The pair were later shown sharing a meal following the PPV event in Abu Dhabi. But all this leads to a bigger question — how does Mark Zuckerberg justify allowing this asshat on Instagram while at the same time banishing Trump from his platforms, who at the very least isn’t a murderous dictator?
USADA Tests Jiri Prochazka Over 20 Times in a Month
Enough of all that silliness. Let’s take a look at some drug testing insanity instead. According to a report by TSN’s Aaron Bronsteter, and confirmed by Cageside Press, UFC light heavyweight champion Jiri Prochazka has been drug tested 51 times in 2022, with 27 samples alone being collected in Q3. 24 of those in the past month.
That is head and shoulders beyond any other active fighter. And keep in mind, just a week ago, we learned that Conor McGregor had not been tested at all in 2022.
So, what gives? Not surprisingly, USADA cannot say. And it’s not fair to Prochazka to speculate in a column like this. However, assuming those tests all came back negative — and given he now has a fight booked for December, it seems he’s cleared to compete — technically, Prochazka hit his 50 test mark inside of 12 months.
Will he be gifted a USADA letterman jacket? That remains to be seen.
Brittney Palmer Shows Artistic Side with Star Wars Cards
UFC ring girl Brittney Palmer doubles as an artist, and she’s got some cool collectables out through the Topps line of trading cards, under their Star Wars collection.
Check ’em out below. This isn’t the first time Palmer has done some original Star Wars art for Topps, but these ones are particularly eye-catching. They’re only available for a limited time, so by the time you’re reading this, there will be just a few days left.
Each card captures the essence of our longtime heroes, blended with my imagination and creative process.
These collectibles are exclusively available for one week only. https://t.co/D05kKMI7M4 pic.twitter.com/HiExV6CsoA
— Brittney Palmer (@BrittneyPalmer) October 28, 2022
World Fight League Appears to Have Flopped Before Launching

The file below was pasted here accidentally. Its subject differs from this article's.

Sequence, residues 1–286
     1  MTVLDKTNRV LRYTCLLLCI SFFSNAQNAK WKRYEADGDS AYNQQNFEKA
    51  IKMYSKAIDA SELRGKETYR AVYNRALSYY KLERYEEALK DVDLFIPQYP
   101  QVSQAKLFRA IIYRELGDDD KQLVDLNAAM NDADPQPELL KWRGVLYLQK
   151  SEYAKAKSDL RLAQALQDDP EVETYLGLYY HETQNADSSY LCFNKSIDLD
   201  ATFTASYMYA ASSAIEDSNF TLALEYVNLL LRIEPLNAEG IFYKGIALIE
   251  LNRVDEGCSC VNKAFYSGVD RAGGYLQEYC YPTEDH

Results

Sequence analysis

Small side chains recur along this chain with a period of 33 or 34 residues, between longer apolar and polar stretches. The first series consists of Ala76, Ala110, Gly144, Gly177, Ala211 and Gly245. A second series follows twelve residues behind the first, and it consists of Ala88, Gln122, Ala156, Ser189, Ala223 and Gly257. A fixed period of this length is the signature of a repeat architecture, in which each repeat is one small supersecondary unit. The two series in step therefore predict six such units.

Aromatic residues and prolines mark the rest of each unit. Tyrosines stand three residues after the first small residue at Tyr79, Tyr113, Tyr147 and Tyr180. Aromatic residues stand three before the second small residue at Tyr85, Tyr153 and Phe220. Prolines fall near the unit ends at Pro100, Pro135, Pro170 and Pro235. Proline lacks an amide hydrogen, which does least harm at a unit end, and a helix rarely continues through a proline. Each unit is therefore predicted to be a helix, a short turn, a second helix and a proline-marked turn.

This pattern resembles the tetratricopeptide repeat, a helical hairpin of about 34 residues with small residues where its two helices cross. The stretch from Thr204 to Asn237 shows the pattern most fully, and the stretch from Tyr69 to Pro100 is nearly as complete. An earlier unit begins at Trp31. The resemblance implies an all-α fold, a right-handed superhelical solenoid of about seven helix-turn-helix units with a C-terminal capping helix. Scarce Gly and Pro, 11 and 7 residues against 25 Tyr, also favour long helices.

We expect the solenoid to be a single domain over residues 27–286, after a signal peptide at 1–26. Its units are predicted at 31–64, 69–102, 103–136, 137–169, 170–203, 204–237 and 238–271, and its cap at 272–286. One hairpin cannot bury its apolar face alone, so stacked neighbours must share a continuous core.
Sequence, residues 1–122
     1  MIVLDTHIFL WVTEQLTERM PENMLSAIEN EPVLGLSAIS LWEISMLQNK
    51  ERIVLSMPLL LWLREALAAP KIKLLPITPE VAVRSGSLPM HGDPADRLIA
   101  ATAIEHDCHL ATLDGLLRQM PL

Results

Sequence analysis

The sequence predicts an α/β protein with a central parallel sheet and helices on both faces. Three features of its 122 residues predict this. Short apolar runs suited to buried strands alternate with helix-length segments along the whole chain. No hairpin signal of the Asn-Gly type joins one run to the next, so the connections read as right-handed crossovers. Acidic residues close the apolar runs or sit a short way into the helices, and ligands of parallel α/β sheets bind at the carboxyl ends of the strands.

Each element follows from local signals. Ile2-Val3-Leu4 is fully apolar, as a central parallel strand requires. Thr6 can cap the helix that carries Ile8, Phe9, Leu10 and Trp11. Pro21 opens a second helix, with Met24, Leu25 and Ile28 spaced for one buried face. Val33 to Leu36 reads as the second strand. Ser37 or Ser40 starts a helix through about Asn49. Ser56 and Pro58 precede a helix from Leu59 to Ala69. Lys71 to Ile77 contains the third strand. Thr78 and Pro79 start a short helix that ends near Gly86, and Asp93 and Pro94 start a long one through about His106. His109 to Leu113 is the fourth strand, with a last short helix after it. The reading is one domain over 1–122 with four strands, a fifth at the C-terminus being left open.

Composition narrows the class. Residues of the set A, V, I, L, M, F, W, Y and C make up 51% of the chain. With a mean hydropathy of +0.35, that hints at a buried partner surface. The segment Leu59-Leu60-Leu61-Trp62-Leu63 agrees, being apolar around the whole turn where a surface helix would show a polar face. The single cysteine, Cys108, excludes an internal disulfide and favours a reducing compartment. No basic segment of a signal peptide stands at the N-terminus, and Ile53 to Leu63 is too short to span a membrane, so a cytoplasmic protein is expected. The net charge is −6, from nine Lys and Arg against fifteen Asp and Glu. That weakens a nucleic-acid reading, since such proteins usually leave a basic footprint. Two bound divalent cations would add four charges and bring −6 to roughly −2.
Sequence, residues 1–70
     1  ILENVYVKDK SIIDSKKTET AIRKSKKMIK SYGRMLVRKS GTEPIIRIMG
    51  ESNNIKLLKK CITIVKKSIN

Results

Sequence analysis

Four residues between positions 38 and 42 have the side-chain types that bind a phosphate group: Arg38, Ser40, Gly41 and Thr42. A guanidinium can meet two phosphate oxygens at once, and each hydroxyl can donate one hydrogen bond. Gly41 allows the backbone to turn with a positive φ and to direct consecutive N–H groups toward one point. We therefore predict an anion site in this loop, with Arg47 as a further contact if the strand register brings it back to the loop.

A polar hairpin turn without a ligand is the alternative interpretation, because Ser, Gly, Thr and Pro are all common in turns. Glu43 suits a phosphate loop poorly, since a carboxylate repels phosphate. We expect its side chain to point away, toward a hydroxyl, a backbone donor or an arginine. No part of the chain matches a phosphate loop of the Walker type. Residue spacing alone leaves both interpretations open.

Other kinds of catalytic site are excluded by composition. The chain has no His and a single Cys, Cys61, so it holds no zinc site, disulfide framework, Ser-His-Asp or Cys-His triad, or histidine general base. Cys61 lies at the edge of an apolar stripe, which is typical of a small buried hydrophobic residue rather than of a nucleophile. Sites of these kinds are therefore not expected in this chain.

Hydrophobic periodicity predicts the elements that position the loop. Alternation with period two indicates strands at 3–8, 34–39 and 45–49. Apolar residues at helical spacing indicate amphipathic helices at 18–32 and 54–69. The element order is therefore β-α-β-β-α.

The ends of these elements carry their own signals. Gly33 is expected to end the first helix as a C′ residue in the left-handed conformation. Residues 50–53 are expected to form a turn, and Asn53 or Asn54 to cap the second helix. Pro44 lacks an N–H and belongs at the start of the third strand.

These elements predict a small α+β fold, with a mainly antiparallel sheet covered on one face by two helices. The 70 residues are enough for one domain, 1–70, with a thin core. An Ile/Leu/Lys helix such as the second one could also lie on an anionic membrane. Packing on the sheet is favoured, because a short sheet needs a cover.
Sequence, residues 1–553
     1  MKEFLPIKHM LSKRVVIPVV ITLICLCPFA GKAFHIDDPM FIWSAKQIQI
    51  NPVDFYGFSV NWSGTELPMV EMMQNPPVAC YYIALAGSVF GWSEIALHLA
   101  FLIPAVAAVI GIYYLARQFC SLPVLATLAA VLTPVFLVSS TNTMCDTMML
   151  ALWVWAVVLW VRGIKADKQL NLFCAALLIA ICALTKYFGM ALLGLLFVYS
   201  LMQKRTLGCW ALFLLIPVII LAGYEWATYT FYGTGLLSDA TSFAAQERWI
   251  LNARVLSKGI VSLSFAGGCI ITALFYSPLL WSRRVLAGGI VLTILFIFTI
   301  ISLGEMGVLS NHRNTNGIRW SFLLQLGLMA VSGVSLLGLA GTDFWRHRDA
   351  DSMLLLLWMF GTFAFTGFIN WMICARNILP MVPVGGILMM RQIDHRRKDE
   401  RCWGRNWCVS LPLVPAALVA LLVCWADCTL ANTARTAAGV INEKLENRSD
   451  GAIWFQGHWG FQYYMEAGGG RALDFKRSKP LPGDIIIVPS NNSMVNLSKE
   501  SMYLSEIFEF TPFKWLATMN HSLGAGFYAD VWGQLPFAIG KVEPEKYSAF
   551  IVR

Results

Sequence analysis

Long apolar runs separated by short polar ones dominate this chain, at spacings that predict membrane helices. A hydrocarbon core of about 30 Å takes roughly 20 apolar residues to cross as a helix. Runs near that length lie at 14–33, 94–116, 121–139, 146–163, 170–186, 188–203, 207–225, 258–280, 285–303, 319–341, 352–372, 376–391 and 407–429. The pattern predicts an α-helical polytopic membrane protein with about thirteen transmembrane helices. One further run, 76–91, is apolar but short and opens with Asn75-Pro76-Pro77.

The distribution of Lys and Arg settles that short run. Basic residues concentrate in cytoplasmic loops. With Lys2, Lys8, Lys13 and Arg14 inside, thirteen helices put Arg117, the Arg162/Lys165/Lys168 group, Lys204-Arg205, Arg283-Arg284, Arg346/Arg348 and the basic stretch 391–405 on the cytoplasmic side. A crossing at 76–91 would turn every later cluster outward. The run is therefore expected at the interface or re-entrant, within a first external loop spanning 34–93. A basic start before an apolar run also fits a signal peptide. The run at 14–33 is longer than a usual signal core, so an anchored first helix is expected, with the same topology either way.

The World Fight League sounded like an interesting idea when Ariel Helwani first reported on it a little over a year ago. It had, reportedly, the backing of several key figures in MMA, and would be a true league, with franchises, and a 50/50 revenue split between the league and its athletes.
The brains behind the league, Darren Owen, turned up on Helwani’s show, but was tight-lipped when it came to specifics.
And then… nothing. It quickly came to light that the league’s logo had been borrowed from the World Physique Championship, who appear to have gone dormant since the onset of the coronavirus pandemic in 2020. WPC was another Owen endeavor.
Now, according to a report by Italian MMA journalist Al Zullino, it seems that the project has been dropped. “After preliminary talks and a full sales deck and entire schedule laid out for the events, the owner and CEO slowly vanished until he was completely gone,” the report states, citing a confidential source. “It doesn’t appear they took money and ran. The project was just dropped.”
“There were plenty of opportunity to sell the idea to sponsors and backers. CEO failed to effectively sell the idea, making concessions all along the way until the show was just another MMA event. Money backers slowly started pulling away and then it all just completely vanished.”
That’s a shame. As the PFL and Bellator continue international expansion, and ONE Championship pushes towards a U.S. debut (possibly in Denver, CO), MMA is in good shape at the moment. Still, any promotion offering better pay for fighters would be a welcome one.
A1 Combat Round-Up
Cageside Press was on hand for Urijah Faber’s A1 Combat 6 last weekend. If you missed it, catch up on our behind-the-scenes interviews below!